William Best Hesseltine Award 2001-02 Winners Announced
The 36th annual William Best Hesseltine Award for the best article
volume 85 2001-02 is a tie. The award
is shared by Jim Draeger for his article, "Postal-Perfect:
My Pursuit of Mail-Order Homes in Wisconsin" and Gerry
Strey for her article, "The 'Oleo Wars': Wisconsin's
Fight over the Demon Spread." Both articles ran in the Autumn 2001
issue. The editors heartily praise this year's recipients, both of whom are also our colleagues.
Gerry Strey is an Oshkosh native who recieved her bachelor's and master's degreens from UW-Madison. She has worked at the Wisconsin Historical Society since 1983, dividing her time between the Society's map collection and the library reference department. Her interest in Wisconsin legislation was aroused by library patron asking for proof that it was once illegal to buy colored margarine in Wisconsin.
Jim Draeger researches and speaks on a wide range of Wisconsin topics, including mail-order houses, Depression-era architecture, Wisconsin resorts, and early Modernism. Drager has been the Wisconsin Historical Society's architectural historian for the past 14 years.
In "Postal Perfect: My Pursuit of Mail-order Homes in Wisconsin," Drager recounts his quest to visit and interview the owners of mail-order homes around Wisconsin. He also reviews 19th-century domestic architecture building techniques while describing late 1880s architectural trend of selling pattern books, plans, and packaged building materials, leading into the Mail-order homes of the early 1900s. Discussed in detail are George F. Barber, William A. Radford, Sears Roebuck and Co., Aladdin Homes of Bay City, Michigan, and W. J. and Otto Sovereign. Access our online archives of the Wisconsin Magazine of History in order to read the article online.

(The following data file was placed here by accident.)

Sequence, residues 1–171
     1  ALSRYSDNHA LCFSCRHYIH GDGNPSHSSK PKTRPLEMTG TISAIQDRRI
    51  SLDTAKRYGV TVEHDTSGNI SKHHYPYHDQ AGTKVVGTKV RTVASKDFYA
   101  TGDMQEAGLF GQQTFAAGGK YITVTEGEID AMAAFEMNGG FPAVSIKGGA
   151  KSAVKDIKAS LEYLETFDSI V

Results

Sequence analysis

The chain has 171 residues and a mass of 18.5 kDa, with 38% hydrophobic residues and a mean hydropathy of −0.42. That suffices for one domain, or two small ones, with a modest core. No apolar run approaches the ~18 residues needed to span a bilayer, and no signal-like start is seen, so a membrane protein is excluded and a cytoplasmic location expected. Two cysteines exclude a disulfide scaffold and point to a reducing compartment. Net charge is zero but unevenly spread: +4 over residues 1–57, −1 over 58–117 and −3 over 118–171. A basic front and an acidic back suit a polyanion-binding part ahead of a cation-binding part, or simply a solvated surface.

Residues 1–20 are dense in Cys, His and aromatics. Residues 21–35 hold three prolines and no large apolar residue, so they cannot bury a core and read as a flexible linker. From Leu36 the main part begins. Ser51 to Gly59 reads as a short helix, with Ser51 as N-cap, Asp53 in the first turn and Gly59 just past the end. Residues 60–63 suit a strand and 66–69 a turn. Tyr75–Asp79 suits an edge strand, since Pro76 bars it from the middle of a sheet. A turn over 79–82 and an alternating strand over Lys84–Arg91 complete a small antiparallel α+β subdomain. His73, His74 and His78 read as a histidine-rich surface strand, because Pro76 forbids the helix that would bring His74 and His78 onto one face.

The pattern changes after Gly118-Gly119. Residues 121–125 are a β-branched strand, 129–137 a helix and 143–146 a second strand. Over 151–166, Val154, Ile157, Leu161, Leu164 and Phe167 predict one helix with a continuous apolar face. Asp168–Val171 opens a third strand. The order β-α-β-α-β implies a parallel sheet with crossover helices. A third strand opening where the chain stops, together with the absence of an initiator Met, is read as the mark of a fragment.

"The 'Oleo Wars:' Wisconsin's Fight over the Demon Spread" describes the century-long conflict between Wisconsin's dairy interests and the margarine industry. It examines market forces, state and federal legislation, and consumer behavior (including interstate smuggling) from the 1870s through 1960s. It discusses the Wisconsin Dairymen's Association, the first federal restrictions on margarine in 1886, and a 1902 bill whose prohibitions on margarine colored to resemble butter lasted for decades. Access our online archives of the Wisconsin Magazine of History in order to read the article online.
Established in memory of a past president of the Wisconsin
Historical Society and a distinguished University of Wisconsin
professor, the William Best Hesseltine Award honors an individual
article that appears in a four-issue volume of the Wisconsin Magazine
of History. Society members were asked to vote for the best article this year for
the first time in the history of the award.